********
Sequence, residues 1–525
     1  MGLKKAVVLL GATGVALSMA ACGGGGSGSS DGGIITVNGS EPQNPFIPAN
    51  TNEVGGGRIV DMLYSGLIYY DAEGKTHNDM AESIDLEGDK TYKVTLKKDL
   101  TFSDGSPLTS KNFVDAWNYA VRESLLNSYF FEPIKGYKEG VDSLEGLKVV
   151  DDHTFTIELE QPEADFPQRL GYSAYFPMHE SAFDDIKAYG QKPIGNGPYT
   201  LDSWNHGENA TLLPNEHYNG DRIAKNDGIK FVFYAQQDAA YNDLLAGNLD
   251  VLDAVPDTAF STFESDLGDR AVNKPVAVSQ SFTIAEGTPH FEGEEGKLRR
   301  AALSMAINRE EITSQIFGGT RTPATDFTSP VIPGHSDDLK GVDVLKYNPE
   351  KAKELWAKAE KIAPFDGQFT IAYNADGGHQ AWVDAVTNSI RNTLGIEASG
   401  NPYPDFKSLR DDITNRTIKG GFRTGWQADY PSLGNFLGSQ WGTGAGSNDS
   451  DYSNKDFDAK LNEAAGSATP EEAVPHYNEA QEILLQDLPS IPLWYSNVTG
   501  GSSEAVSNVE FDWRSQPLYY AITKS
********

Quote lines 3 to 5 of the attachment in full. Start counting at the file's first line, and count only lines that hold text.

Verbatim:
    51  TNEVGGGRIV DMLYSGLIYY DAEGKTHNDM AESIDLEGDK TYKVTLKKDL
   101  TFSDGSPLTS KNFVDAWNYA VRESLLNSYF FEPIKGYKEG VDSLEGLKVV
   151  DDHTFTIELE QPEADFPQRL GYSAYFPMHE SAFDDIKAYG QKPIGNGPYT